Finding the Sweet Spot to Change Lives

Did you catch the game? Summer is here, and a cornerstone of the season is baseball. Baseball is full of many inspirational legends and even more metaphors for life. I bet you could think of a sports metaphor in less time than it takes for rookie Alek Manoah to loosen up that pitching arm.

The game is part of our collective heartbeat; think about all the small pieces that when taken together mean more than any one game at a time – the smell of the grass, the sounds of the ball hitting a mitt, or the flowing energy of swinging the bat. The one thing that sticks out as particularly relevant to this time of year is how baseball ties perfectly into the everyday fabric of America and inspires our hearts. Maybe baseball is so beloved because it happens in the best weather, capturing those long summer days. The excitement and magic of the seasons are sealed with memories and those memories come rushing back just by the simplest things.

The Sweet Spot

I have seen how the game inspires and touches people. Even those who have not played can understand the joy of the experience, the laughter, and the community gathering behind a group of people. Sometimes just holding a bat and taking that swing reminds us of what the sweet spot feels like and why it brings us such joy and brings us back so often. The sweet spot is the place on the bat where it generates the most power and affords the most control— and comes with the feeling that everything is aligned optimally. That’s an expression that has extended out from sports and has many implications. You know it when you find it; that’s when the best stuff happens.

There are many lessons in the game that are relevant to each one of us. Leo Durocher, a Hall of Fame manager once said “Baseball is like a church. Many attend, few understand.” As you travel down the path you learn that it’s never about the destination, but the lessons learned along the journey. The winners are the ones who show up fully, knowing if you are willing to take a swing at whatever is thrown your way, then you can knock it out of the park. After all, the team that has a few losses in April can still end up winning the championship at the end of the season. Statistics might mean a lot to some, but it’s the impact that it leaves on our lives that matters.

According to the great Jackie Robinson “A life is not important except in the impact it has on other lives.” While traveling the country sharing a “Peace, Love and Bring a Bat” philosophy I’ve found a few organizations that care about their impact on the community.

Games Going Bananas

There is a baseball team in Savannah, Georgia that has been taking the country by storm because they are bringing back fun for the whole family. This team is part circus and part baseball, but their tradition is one of determination and showing your most authentic self. The owner of the team and chief cheerleader, Jesse Cole (I resist calling him the Top Banana) wears a yellow Tux and leads the fans in all sorts of interactive activities—sometimes during the game. Cole and his wife gambled everything they own to begin the Savannah Banana journey in 2016. They were expected to fail but have succeeded in more ways than one.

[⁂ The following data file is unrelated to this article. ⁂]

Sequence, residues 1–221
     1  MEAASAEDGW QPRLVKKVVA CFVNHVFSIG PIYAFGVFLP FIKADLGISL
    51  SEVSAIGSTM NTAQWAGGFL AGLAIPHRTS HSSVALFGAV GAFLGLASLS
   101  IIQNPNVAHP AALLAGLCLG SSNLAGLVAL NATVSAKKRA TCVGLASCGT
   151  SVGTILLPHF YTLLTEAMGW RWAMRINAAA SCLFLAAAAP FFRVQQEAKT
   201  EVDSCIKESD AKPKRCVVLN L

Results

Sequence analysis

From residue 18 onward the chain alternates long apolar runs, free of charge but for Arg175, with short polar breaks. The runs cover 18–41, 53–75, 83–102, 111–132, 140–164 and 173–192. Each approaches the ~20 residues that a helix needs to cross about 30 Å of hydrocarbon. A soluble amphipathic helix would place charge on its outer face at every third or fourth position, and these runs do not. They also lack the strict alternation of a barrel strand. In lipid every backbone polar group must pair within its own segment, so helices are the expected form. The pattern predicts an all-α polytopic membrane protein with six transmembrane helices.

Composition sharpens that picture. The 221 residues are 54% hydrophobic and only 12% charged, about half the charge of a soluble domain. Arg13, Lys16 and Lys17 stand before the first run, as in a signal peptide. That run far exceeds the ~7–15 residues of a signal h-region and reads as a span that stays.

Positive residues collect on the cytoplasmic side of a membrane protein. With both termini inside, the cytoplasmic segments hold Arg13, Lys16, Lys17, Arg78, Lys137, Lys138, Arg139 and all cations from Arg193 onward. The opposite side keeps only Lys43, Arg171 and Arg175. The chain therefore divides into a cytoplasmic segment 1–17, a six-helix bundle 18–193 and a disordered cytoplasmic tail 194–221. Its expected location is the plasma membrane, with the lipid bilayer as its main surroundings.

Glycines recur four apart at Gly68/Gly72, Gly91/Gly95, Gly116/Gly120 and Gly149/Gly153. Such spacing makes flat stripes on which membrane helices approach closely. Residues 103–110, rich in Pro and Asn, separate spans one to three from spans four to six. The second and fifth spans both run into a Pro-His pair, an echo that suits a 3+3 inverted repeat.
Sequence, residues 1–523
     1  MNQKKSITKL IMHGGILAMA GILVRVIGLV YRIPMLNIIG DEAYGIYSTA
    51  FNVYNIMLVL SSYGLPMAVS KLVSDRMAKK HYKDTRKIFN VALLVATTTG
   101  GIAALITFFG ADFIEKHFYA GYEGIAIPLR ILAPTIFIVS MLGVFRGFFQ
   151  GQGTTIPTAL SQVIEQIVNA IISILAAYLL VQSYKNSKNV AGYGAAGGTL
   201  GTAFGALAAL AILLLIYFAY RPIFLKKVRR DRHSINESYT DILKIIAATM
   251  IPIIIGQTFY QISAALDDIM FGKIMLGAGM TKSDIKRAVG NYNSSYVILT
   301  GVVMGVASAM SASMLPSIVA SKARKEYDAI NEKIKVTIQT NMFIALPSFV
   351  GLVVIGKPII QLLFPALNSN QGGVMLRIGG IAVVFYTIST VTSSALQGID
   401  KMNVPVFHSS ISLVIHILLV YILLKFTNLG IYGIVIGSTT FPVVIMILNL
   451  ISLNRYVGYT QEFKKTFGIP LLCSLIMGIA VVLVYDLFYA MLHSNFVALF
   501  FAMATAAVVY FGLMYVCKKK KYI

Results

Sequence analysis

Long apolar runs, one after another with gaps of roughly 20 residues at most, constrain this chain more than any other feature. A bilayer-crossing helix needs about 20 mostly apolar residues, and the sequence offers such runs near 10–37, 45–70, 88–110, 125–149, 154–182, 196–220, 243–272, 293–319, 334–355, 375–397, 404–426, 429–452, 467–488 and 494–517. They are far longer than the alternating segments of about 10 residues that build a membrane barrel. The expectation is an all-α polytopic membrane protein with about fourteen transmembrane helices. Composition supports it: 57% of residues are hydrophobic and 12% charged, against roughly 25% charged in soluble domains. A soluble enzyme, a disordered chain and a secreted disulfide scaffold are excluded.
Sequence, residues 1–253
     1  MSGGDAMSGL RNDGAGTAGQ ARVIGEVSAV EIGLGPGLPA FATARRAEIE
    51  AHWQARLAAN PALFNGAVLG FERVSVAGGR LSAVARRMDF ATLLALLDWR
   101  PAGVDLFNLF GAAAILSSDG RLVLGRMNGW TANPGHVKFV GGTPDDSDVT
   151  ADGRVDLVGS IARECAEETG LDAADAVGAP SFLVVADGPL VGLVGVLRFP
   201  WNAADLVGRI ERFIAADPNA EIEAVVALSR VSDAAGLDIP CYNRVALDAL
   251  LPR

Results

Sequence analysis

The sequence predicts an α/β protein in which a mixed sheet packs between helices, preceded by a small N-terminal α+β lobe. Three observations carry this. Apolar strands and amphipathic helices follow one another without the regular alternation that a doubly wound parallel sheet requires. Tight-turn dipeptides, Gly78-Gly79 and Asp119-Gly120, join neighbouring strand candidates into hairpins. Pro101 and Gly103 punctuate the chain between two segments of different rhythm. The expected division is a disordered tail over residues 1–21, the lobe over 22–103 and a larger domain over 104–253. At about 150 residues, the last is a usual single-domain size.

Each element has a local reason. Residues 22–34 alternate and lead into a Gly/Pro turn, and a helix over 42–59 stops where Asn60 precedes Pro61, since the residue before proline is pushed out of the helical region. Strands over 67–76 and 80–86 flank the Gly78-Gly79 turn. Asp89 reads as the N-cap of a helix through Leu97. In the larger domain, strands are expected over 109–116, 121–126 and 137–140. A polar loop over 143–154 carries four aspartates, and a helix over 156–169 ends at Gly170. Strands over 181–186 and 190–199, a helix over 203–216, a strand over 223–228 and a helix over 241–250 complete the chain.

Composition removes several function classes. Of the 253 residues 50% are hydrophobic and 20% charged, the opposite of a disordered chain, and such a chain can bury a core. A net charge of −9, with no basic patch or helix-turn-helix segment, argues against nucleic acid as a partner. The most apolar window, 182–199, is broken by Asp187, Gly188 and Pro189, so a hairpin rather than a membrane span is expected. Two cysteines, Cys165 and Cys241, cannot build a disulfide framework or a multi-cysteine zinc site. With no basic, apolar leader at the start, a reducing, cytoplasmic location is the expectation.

The team has won a championship twice, but it is the family fun times that people talk about. The team plays baseball in the historic Greyson Stadium. They became an entertainment juggernaut bringing the most important parts of what baseball is about: a place where the family can gather for a couple of hours to feel good and make great memories together.

Winning No Matter What the Score Is

The Bananas let you connect with the players in every way. During one game they broke the world record for the number of people who were wearing a Banana costume! The Savannah Bananas delight and celebrate all ages, from the “baby banana presentation” to the Nana Cheerleaders. Their games are sold out and they have gone from a team that was losing in every way to a team that wins no matter what the score is.

Love of the Game, Love of Giving

Maybe you’re like me and have learned that in life, half the game is just showing up. Showing up playing ball at an over-40 softball league in Farmingdale, New York I found something special. For over 47 years, this Over the Hill Gang has assisted people who are facing the lowest points of their lives. Every member of the league donates time and money, raising hundreds of thousands of dollars while playing a game they love. Each year there is an annual charity night where they offer food, music, and of course softball. This year a young woman who became a paraplegic unexpectedly will see a community gather using a game to raise funds to assist her.

That is what a game with a real heart can do. It embodies the best of us, and whether for fun or something greater, it provides a platform to rally behind. I’ve felt that sweet spot from the stage during their annual fundraisers where over 1,000 people gathered, showering love on families who need support emotionally and financially. One grandfather of a child the league supported says, “When you believe that a game means nothing, it is true—but when a game shows you how many people care, you will never forget it.” You know an experience is special when you can feel the emotions of joy and gratitude just by thinking back on it.

In the words of Jackie Robinson, “Life is not a spectator sport. If you’re going to spend your whole life in the grandstand just watching what goes on, in my opinion, you’re wasting your life.”

Whether it’s for changing lives or creating memories that make us feel alive, it’s no wonder that baseball is America’s favorite pastime.

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